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Ivy League Cancels Basketball Season Because of COVID-19

The Ivy League was the first college basketball conference to cancel its conference tournament last March. This cancellation marked the ending of the 2019-20 college basketball season and the first-ever cancellation of the NCAA March Madness tournament.

Now, two weeks before the commencement of the new season, the Ivy League announced they’ll be canceling all winter sports. Thursday evening, the division consisting of eight programs became the first Division I league to cancel its men’s and women’s basketball seasons. They’ve decided they will delay a decision on spring sports until at least the start of March 2021.

“Consistent with its commitment to safeguard the health and well-being of student-athletes, the greater campus community, and general public, the Ivy League Council of Presidents has decided that league schools will not conduct intercollegiate athletics competition in winter sports during the 2020-21 season,” the Ivy League declared in a release.

The statement does not come as a surprise, however. Multiple Ivy League sources, dating back to early September, expressed cautions about sports in the winter season. Some programs have yet to even hold indoor workouts to this point. Added one source, “We don’t need money to play. In the Ivy League, it’s 100% a health and safety issue.”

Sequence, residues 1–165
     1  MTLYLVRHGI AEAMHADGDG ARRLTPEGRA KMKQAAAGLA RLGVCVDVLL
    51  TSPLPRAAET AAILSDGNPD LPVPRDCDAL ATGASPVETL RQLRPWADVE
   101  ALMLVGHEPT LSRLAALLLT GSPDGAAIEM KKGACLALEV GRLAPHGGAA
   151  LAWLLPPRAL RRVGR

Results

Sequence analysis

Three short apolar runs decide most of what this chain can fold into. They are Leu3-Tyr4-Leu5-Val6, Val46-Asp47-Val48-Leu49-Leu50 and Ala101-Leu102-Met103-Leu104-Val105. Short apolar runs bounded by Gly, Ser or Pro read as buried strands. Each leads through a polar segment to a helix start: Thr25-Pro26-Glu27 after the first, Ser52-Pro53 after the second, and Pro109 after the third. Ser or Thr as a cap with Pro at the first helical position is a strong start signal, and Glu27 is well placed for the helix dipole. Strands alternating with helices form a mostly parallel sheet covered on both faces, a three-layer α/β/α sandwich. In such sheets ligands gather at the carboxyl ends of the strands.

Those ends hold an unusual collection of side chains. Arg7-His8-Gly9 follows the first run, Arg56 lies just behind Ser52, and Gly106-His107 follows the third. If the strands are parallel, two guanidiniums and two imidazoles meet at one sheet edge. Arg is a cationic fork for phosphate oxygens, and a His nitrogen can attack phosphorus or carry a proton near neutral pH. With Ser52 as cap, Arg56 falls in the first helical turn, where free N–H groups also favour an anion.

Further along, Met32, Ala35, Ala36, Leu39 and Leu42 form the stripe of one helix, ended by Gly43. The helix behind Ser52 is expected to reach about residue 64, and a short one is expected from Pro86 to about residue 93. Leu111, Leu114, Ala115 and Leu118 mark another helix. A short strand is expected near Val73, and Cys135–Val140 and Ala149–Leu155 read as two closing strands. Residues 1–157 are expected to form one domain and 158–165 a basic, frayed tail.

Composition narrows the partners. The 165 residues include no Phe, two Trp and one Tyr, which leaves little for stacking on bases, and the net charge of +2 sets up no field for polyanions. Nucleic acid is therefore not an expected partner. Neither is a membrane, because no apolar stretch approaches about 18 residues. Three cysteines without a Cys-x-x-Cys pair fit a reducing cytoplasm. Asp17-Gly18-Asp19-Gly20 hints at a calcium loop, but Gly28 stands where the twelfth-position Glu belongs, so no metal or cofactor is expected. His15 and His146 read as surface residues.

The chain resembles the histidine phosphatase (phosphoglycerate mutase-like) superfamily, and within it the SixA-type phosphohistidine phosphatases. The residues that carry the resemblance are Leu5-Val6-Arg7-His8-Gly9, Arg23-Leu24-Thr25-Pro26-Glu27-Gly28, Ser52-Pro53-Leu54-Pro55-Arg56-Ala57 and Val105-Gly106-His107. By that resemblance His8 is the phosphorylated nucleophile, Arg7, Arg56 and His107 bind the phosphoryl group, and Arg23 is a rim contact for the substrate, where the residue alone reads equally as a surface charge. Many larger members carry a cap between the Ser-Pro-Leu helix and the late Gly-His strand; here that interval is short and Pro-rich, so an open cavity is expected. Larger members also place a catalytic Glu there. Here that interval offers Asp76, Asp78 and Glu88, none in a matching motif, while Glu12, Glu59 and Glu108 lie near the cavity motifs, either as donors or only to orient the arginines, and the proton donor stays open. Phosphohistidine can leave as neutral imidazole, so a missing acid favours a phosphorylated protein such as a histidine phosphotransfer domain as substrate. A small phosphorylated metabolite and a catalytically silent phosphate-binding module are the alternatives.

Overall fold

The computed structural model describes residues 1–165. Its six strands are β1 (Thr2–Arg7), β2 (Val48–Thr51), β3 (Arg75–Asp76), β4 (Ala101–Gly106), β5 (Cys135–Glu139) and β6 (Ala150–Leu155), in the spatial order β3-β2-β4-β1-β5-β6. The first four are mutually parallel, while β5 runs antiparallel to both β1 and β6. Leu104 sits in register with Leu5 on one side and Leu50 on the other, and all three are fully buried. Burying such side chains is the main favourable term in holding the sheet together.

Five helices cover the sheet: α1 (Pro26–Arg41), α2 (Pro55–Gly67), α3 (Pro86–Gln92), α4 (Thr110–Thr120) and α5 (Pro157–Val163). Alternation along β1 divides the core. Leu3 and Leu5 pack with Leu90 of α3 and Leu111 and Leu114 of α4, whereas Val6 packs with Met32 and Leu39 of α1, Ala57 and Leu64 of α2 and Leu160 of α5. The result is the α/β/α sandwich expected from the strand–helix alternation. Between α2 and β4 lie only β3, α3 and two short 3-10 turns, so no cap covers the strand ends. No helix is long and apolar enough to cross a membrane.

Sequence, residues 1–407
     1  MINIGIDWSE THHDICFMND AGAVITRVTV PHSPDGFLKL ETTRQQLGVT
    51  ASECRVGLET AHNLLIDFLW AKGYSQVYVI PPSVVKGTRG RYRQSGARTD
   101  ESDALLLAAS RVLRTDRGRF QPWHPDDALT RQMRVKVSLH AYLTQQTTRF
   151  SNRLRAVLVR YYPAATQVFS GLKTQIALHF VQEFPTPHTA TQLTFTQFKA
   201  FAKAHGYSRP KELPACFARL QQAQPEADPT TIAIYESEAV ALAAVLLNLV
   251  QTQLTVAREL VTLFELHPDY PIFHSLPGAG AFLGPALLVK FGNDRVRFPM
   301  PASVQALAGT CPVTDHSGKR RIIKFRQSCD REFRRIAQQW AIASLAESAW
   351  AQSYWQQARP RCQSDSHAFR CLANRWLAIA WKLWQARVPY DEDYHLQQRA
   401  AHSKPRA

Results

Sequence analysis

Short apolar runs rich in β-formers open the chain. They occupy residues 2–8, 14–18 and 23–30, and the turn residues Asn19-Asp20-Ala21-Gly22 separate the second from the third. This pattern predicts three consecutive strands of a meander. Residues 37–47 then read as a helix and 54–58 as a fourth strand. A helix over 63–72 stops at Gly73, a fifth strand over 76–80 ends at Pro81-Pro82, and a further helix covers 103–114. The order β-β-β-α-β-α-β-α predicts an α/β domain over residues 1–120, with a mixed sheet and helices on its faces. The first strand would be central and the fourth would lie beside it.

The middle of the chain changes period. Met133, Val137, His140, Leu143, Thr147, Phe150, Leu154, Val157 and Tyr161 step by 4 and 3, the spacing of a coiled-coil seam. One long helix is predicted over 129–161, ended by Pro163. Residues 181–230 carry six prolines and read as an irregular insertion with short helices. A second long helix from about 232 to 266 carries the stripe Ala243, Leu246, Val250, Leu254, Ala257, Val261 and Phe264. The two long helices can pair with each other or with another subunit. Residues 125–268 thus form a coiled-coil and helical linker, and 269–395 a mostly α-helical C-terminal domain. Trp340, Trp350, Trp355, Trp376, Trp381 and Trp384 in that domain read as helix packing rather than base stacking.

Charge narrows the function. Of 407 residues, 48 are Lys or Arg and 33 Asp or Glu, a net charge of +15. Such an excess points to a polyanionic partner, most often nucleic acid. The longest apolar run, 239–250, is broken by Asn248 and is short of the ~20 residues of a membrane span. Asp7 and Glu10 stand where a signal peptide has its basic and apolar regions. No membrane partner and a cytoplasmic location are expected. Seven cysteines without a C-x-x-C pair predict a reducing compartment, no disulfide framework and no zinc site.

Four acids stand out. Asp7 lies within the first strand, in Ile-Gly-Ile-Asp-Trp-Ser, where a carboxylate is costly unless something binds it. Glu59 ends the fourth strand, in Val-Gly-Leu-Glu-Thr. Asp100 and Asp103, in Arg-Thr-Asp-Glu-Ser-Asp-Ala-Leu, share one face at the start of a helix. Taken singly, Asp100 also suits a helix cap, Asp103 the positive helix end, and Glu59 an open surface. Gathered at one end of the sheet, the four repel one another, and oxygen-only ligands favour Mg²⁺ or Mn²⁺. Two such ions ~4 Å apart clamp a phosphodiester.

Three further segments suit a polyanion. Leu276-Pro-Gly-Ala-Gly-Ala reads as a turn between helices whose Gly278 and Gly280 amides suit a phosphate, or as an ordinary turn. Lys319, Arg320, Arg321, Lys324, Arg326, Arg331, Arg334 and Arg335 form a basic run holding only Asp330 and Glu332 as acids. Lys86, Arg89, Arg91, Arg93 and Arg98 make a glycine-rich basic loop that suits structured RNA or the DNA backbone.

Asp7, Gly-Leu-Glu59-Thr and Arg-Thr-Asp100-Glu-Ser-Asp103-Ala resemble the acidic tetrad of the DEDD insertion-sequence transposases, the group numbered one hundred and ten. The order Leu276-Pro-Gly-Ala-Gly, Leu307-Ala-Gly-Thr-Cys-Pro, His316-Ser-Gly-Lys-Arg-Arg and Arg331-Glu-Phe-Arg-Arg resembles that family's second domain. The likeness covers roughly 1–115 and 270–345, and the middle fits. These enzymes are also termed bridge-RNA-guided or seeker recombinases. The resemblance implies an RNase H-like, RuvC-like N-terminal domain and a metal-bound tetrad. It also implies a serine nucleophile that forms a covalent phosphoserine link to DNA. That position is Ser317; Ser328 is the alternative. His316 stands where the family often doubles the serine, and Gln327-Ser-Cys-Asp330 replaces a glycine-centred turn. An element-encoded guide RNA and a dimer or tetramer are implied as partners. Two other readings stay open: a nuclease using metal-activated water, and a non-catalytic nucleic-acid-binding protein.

What does this cancelation mean for the college basketball season?

The Ivy league canceling their men’s basketball season raises multiple questions of the season as a whole and even March Madness. Will Ivy’s decision prompt other leagues and schools to consider canceling winter sports? How will the 2021 NCAA tournament adjust if certain leagues will not participate?

Many reporters addressed their take on the inquiries. When asked about the Ivy Leagues’ cancellation paving the way for other conferences to do the same, Jeff Borzello responded with doubt.

“I don’t think this will be the first domino like it was back in March for conference tournaments. The Ivy League already was a step ahead of most conferences for this season, as it had already canceled non-conference games.”

In regards to replacing teams if selected programs for the tournament-tested positive for COVID-19, the unprecedented problem has no solution as of now. When Dan Gavitt, NCAA vice president of basketball operations, was asked about it, he told ESPN that replacement teams were on the table. This means there would be a team or two ready to step in and compete if necessary.

College Basketball still on elsewhere

The College basketball season looks likely to continue beyond the Ivy League conference. Although programs and divisions have set different protocols and concerns, there has been a general consensus on the season to begin in late November.

Conferences such as the ACC are still a go, as of now. The ACC released its conference schedule just last week. Also, the Big East recently released a portion of its basketball schedule with conference games beginning in December.

Many players and coaches have expressed their opinions on the season, conveying signs of hope for the year.

“It’s been crazy but we’re like everybody else, just trying to stay healthy and stay safe and figure this out,” Northwestern coach Joe McKeown said. The Big Ten conference has not come out with a schedule yet for it’s been difficult to do so according to McKeown.

“It’s been a challenge to try to put together a schedule around the holidays and tournaments and bye weeks and whether we’re going to have a non-conference season. There’s still so much up in the air, but when they put something out, we’ll deal with it. I really think we’re going to play.”


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